In the end, however, modern veterinary technology could not save Barbaro from the classic secondary disease of laminitis and the cascade of problems it created.

Laminitis struck Barbaro's left hind on July 12, days after Richardson had replaced the compression plate and screws. The disease progressed rapidly. It caused the sensitive laminae - tissue in the hoof that connects the coffin bone to the hoof wall - to loosen, separating the hard outer hoof wall from the soft foot beneath it. Richardson operated that day, removing about 80 percent of the hoof wall and cutting the deep digital flexor tendon to loosen its pull on the coffin bone, the main bone in the hoof capsule and a key to the hoof's stability.

Barbaro received a padded foam hoof cast for his left hoof. He was able to stand and spent several hours a day in a sling that allowed him to take his full weight off his hind legs while remaining upright. To alleviate pain, the veterinary team gave Barbaro an epidural.

Barbaro's hoof slowly regrew, from the top of his foot down toward the ground, over the next five months. But it grew asymmetrically, with little growth on the inside-facing area - a sign that was found ominous by equine podiatry specialist Dr. Scott Morrison, called in from Lexington's Rood and Riddle equine hospital to examine Barbaro.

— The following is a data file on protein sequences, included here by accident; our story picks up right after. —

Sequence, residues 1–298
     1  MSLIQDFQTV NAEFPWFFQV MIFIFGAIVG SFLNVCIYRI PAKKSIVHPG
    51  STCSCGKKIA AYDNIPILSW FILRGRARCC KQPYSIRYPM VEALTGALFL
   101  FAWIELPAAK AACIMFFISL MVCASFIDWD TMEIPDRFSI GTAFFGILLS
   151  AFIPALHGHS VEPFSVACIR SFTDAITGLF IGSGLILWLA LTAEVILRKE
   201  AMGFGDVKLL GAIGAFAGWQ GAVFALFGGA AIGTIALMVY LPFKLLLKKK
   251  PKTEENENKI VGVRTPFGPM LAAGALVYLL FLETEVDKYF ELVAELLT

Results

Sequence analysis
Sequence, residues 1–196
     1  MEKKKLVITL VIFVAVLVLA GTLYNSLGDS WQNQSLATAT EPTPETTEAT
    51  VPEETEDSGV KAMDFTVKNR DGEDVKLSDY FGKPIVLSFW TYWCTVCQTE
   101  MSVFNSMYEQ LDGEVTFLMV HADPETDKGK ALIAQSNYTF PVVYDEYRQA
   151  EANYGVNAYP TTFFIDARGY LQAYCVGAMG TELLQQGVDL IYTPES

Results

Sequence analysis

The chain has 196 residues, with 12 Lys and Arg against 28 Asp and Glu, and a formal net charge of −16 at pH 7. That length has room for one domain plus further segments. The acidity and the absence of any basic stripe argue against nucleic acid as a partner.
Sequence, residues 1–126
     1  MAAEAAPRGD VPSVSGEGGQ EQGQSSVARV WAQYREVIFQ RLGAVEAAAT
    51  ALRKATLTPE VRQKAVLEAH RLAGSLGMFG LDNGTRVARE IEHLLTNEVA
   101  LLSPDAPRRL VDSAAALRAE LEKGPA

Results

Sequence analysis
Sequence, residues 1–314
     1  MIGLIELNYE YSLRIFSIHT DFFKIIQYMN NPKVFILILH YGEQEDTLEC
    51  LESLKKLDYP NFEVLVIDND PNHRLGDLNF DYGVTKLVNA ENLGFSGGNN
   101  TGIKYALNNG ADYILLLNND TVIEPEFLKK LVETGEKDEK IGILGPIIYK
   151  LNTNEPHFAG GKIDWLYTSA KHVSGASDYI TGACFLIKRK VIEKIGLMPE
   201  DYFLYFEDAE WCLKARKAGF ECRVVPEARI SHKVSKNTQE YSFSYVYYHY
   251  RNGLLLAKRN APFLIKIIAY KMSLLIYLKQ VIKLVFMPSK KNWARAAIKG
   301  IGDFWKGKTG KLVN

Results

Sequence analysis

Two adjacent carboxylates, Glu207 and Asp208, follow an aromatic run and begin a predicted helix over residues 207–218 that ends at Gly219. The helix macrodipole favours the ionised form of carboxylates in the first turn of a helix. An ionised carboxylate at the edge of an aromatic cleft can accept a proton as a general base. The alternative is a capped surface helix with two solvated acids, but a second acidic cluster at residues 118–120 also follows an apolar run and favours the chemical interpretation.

When a portion of the hoof wall finally reached the ground, it proved unable to bear Barbaro's weight. On Jan. 9, when Barbaro showed signs of acute discomfort, Richardson removed the left hind cast and discovered that part of the new hoof wall had separated from the foot. In response, Barbaro had shifted his weight off of the left leg and onto the right one, now under threat to develop laminitis, too. Richardson tried to prevent that through aggressive pain management and by putting the colt back in his sling, all in an attempt to keep Barbaro's weight evenly distributed.

Despite those efforts, the right hoof became bruised, then developed an abscess. Barbaro was now facing serious conditions in each back hoof, and Richardson became concerned that he would shift excessive weight onto his front legs, putting them at risk for laminitis, too. When a custom-made plastic and steel leg brace failed to make Barbaro more comfortable on his right hind, Richardson did what he called the "only hope" for keeping the colt comfortable. On Saturday, with Barbaro under general anesthesia, he inserted two steel pins in Barbaro's right hind cannon bone and attached those to an external fixation device that would take Barbaro's weight on its steel framework and off of the right hind foot.

In the end, the mounting complications overwhelmed the colt. On Monday, Richardson said Barbaro had developed laminitis in both front feet and had become, for the first time, "clearly distressed" by his condition. Barbaro's devoted veterinary team and owners concluded they could do no more than offer a painless death to the patient they had fought for and cared for during almost nine months of rigorous treatment.